Most disabled people are concerned about a change in the law on assisted suicide, with many fearing that it could lead to disabled people being pressured into ending their lives prematurely, according to a new poll.
The survey, commissioned by disability charity Scope, shows that the majority of disabled people – including three-quarters (72%) of young disabled people – are concerned about moves to legalise assisted suicide.
Scope commissioned the poll ahead of a debate about Lord Falconer’s Assisted Dying Bill in the House of Lords today.
It reveals that nearly twice as many disabled people would be concerned by a change in law (64%), as those who would not (36%).
Nearly two-thirds (62%) of those who are concerned about a change in the law said that they were worried that it would lead to pressure being place on disabled people to end their lives prematurely.
The majority (55%) of disabled people surveyed believe that the current ban on assisted suicide protects vulnerable people from pressure to end their lives.
Scope has come out strongly against the legalisation of assisted suicide.
The charity believes that a change in the law reinforces a view that it’s ‘better to be dead than be disabled’, and could lead to disabled people feeling under pressure to end their lives.
The Bill being proposed claims to be ‘just for people with six months to live’ but Scope argues that this definition is vague and would include many disabled people, including those with long-term and degenerative conditions.
In a joint letter to peers
, Scope, Action on Elder Abuse, Mencap and the Veteran’s Association, have raised serious concerns about Lord Falconer’s Assisted Dying Bill and the impact that a change in law would have on disabled people and other vulnerable people.
The letter follows warnings earlier this week
from Dutch euthanasia expert Professor Theo Boer, that legalising assisted suicide in Holland has been a slippery slope towards the widespread premature deaths of disabled, ill and older people.
Richard Hawkes, CEO of disability charity Scope says:
“Many disabled people are really worried about a change in the law on assisted suicide.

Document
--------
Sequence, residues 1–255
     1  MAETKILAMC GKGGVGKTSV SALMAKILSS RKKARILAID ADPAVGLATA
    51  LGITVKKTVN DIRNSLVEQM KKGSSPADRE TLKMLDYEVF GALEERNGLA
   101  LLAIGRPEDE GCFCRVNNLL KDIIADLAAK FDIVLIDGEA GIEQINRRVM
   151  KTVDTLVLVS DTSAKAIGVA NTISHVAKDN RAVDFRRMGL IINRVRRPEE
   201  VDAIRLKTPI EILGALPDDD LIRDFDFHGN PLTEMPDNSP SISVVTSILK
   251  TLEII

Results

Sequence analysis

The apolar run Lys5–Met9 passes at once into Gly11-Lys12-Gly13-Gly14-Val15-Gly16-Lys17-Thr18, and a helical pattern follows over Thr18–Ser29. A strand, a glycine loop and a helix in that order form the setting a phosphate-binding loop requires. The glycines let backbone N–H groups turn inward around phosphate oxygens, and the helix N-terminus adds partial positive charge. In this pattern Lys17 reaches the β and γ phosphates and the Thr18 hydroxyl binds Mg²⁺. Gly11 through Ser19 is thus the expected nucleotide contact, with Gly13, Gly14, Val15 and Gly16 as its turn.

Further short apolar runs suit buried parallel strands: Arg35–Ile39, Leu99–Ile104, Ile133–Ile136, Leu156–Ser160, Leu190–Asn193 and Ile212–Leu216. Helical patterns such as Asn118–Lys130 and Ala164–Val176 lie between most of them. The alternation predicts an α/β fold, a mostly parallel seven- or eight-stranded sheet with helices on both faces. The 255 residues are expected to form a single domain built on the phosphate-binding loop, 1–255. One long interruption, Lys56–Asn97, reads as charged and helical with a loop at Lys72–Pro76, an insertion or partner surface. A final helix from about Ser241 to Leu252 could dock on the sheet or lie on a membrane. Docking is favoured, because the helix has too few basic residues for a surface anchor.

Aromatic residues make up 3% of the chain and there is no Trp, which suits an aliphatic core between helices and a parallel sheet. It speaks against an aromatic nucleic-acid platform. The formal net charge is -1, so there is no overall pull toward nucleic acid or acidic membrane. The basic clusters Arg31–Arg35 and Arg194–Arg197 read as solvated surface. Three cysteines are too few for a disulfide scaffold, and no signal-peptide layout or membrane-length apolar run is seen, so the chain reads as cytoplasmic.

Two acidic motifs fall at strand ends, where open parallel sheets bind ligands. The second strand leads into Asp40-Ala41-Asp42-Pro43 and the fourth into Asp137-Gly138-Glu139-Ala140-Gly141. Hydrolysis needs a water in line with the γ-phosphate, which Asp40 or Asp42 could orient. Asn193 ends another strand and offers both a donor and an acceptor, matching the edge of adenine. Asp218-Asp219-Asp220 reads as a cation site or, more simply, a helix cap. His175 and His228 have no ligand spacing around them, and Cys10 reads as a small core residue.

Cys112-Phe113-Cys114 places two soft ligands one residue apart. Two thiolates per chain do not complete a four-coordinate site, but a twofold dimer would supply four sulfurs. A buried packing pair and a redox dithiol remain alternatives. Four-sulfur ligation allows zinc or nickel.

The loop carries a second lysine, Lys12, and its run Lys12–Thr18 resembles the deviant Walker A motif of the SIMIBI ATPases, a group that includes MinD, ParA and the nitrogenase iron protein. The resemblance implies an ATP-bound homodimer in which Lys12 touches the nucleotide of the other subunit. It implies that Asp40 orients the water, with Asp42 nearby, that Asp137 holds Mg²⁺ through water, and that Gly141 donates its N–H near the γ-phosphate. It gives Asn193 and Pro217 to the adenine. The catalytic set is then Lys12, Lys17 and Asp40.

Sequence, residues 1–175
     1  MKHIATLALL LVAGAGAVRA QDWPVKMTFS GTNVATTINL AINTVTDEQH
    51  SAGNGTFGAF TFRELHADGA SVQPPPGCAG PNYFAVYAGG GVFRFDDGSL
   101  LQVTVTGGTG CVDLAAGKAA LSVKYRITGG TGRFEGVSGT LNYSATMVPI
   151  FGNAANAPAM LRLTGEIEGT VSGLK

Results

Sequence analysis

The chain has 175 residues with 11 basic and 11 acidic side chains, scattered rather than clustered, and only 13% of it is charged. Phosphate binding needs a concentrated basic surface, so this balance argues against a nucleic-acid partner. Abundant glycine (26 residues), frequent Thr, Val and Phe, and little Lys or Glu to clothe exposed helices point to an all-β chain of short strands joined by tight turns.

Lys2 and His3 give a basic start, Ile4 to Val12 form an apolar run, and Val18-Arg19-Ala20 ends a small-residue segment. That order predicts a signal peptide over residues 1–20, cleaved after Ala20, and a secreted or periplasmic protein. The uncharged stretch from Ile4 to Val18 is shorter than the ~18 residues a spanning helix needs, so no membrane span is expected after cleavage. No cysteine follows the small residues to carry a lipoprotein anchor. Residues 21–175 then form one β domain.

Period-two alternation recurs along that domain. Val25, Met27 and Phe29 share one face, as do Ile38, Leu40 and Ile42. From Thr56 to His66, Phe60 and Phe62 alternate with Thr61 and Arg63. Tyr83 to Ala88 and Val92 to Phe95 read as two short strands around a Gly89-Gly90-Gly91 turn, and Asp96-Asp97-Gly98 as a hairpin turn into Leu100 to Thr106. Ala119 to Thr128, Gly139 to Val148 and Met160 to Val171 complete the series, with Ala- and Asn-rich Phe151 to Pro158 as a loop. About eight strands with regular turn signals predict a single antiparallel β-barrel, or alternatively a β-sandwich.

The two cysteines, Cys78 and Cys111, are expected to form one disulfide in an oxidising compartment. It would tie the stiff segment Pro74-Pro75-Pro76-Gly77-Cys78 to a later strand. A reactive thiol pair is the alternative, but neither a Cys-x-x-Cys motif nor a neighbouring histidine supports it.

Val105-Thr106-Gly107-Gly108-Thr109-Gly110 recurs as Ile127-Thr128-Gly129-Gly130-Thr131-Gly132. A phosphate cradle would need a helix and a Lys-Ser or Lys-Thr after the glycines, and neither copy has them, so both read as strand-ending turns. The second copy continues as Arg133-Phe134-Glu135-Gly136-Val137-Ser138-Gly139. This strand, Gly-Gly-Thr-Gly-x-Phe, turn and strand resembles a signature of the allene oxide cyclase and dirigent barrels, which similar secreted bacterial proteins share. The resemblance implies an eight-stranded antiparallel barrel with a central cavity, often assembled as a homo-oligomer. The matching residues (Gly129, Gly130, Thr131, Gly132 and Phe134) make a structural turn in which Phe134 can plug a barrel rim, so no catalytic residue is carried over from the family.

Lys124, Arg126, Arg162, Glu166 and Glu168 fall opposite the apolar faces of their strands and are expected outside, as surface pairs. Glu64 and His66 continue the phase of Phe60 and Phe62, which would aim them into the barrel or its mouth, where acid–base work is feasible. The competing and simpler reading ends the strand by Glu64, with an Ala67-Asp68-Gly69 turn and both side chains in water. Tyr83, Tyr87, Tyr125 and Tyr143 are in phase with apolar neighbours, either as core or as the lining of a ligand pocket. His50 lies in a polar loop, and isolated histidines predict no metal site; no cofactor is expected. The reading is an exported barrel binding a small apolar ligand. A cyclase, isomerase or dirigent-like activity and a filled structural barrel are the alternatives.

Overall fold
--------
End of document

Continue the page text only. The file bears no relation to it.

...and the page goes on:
They are concerned that it will lead to disabled people, and other vulnerable people, feeling under pressure to end their lives.
Why is it that when people who are not disabled want to commit suicide, we try to talk them out of it, but when a disabled person wants to commit suicide, we focus on how we can make that possible?
The campaign to legalise assisted suicide reinforces deep-seated beliefs that the lives of disabled people are not worth as much as other people’s.
It's a view that is all too common.
The current law against assisted suicide works. It sends a powerful message countering the view that if you're disabled it's not worth being alive, and that you're a burden.
Many disabled people strongly oppose a change in the law.”
The poll of 1,005 disabled people in the UK, which was conducted by Opinium Research, reveals that:
- The majority of disabled people (64%) – including nearly three-quarters (72%) of young disabled people – are concerned about moves to legalise assisted suicide
- Nearly two thirds (62%) of disabled people concerned about a change in the law worry that pressure would be put on disabled people to end their lives prematurely
- The majority (55%) of disabled people are concerned that if assisted suicide was legalised in the UK, disabled people might choose it in order not to be a burden on family, friends, or caregivers
- The majority of disabled people (55%) of disabled people believe that the current ban on assisted suicide protects vulnerable people from pressure to end their lives.
The survey also explored the way that society views disabled people:
- Two-thirds (65%) of those surveyed - and three-quarters (76%) of young disabled people - believe that disabled people are often seen by the public as a burden to society
- Three in five (59%) said that disabled people’s lives are generally not valued as much as other people’s
- Two-thirds (66%) said that people tend to assume that disabled people don’t have a good quality of life
- Three-quarters (76%) of 18 – 34 year olds have experienced someone explicitly making negative assumptions or comments about their quality of life, due to their disability
For interviews and background please contact Pasca Lane in the Scope press office on 0207 619 7201 or email@example.com.
 Opinium research conducted an online survey of 1,005 disabled UK adults aged 18 and over between 7th and 11th July 2014
 Disabled UK adults aged between 18 and 34
 These percentages were calculated from those who provided a response and excludes the 5% of respondents who selected ‘prefer not to say’
Notes to the editor:
Notes to editors
Opinium Research carried out an online survey of 1,005 UK disabled adults from the 7 to 11 of July 2014. www.opinium.co.uk